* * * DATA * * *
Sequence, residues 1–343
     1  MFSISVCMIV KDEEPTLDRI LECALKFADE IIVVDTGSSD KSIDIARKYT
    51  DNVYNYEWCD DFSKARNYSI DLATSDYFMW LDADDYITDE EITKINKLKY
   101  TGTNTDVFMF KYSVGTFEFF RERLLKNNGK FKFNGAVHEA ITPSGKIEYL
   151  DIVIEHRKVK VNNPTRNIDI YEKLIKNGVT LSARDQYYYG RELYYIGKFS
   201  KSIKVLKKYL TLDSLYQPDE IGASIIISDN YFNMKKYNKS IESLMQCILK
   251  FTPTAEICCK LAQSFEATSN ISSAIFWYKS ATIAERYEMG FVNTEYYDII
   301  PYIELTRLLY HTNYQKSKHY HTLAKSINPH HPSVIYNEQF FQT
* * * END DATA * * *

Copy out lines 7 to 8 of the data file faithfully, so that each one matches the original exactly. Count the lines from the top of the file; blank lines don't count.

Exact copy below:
   251  FTPTAEICCK LAQSFEATSN ISSAIFWYKS ATIAERYEMG FVNTEYYDII
   301  PYIELTRLLY HTNYQKSKHY HTLAKSINPH HPSVIYNEQF FQT